Danimer Scientific, Inc. and TotalEnergies Corbion have revealed a TUV-certified home compostable coffee pod biopolymer that claims to comply with upcoming EU packaging legislation surrounding biodegradability.

Proposed regulations will mandate that coffee pods, tea bags, very light plastic bags, and sticky labels for fruit and vegetables are manufactured from compostable materials. With Danimer estimating that 550 million pounds of plastic are utilised in the manufacture of single-use coffee pods for the European market every year, the collaboration hopes to provide a more sustainable alternative.

A combination of TotalEnergies Corbion’s Luminy High Heat PLA and Danimer’s Nodax PHA has been incorporated into the solution, which and has reportedly passed biodegradability tests. The pods are now being tested on the market by various European companies, says TotalEnergies Corbion.

“Since beginning our collaborative partnership with TotalEnergies Corbion a couple of years ago, we’ve been working to blend together our respective materials, Nodax and Luminy, to meet the specific functionality needs of our customers for a variety of applications,” said Scott Tuten, chief marketing and sustainability officer of Danimer Scientific. “We support the EU’s proposed new regulations as a necessary first step in addressing the problem of plastic waste, and we’re pleased to be offering our compostable coffee pod biopolymer as one example of how the technology behind bioplastics has evolved to serve the needs of manufacturers, regulators and consumers as the world moves toward a cleaner and more responsible future.”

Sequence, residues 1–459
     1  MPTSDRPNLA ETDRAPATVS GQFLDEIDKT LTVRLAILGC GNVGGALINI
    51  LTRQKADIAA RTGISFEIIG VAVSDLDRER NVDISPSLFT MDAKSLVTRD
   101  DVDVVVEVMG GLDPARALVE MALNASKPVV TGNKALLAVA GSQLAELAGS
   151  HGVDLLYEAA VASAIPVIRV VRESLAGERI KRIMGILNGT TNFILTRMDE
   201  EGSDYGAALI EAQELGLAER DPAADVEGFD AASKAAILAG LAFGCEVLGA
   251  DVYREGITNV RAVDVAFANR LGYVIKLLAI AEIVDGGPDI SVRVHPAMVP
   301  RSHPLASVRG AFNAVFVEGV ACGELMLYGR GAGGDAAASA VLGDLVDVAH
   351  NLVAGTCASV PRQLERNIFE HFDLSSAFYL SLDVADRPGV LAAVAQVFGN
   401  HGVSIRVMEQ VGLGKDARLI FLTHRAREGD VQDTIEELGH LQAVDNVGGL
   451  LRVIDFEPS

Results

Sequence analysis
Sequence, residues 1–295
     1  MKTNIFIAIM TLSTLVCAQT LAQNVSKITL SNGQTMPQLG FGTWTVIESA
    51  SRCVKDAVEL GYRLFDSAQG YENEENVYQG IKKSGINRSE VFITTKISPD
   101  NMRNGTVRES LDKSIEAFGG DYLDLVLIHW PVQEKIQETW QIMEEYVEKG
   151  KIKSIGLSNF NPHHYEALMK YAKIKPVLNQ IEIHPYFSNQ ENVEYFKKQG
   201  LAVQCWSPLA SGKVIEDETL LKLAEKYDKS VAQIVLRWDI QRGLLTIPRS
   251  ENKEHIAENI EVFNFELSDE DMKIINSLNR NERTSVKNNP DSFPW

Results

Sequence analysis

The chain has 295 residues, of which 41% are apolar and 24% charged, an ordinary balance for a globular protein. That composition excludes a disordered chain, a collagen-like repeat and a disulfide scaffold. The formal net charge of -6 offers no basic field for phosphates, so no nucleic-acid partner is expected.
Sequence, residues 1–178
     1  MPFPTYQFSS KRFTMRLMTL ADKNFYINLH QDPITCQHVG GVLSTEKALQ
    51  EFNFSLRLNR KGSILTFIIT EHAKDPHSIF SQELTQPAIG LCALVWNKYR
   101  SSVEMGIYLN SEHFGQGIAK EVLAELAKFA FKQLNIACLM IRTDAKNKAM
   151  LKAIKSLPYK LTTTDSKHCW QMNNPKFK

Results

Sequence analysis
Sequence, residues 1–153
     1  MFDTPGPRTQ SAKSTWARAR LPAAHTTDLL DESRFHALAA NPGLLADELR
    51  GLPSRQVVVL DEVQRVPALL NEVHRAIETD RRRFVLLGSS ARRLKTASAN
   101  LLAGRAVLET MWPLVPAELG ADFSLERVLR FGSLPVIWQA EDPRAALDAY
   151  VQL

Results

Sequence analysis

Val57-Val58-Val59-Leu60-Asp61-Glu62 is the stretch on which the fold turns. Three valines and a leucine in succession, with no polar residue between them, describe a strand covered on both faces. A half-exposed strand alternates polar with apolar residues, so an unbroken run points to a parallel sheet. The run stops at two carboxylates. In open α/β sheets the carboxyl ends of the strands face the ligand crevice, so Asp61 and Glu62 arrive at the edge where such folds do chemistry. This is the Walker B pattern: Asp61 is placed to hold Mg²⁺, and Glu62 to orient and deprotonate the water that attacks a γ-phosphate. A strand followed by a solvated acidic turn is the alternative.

“We’re excited about the potential of compostable bioplastics to provide an environmentally friendly alternative to single-use petrochemical plastics, and we hope that the coffee pod biopolymer we’ve developed in partnership with Danimer Scientific will be the first of many collaborations to come,” added Thomas Philipon, CEO of TotalEnergies Corbion.

Various companies have sought out more sustainable redesigns for coffee packaging in the last few months, from Nestlé and Huhtamaki unveiling Nespresso’s paper-based, home-compostable pod to Sainsbury’s implementing aluminium into its own-brand pods in a bid to facilitate home recycling.

A recent study has also suggested that coffee pods outperform filter, French press, and instant coffees in terms of greenhouse gas emissions, even though single-use pods contribute to packaging waste.

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